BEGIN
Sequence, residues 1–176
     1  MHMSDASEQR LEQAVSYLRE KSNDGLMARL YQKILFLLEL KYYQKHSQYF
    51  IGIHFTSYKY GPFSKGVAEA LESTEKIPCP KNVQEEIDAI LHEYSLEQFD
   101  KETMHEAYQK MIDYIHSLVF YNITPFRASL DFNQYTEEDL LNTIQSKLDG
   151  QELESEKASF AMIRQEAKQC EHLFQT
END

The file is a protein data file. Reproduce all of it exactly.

Sequence, residues 1–176
     1  MHMSDASEQR LEQAVSYLRE KSNDGLMARL YQKILFLLEL KYYQKHSQYF
    51  IGIHFTSYKY GPFSKGVAEA LESTEKIPCP KNVQEEIDAI LHEYSLEQFD
   101  KETMHEAYQK MIDYIHSLVF YNITPFRASL DFNQYTEEDL LNTIQSKLDG
   151  QELESEKASF AMIRQEAKQC EHLFQT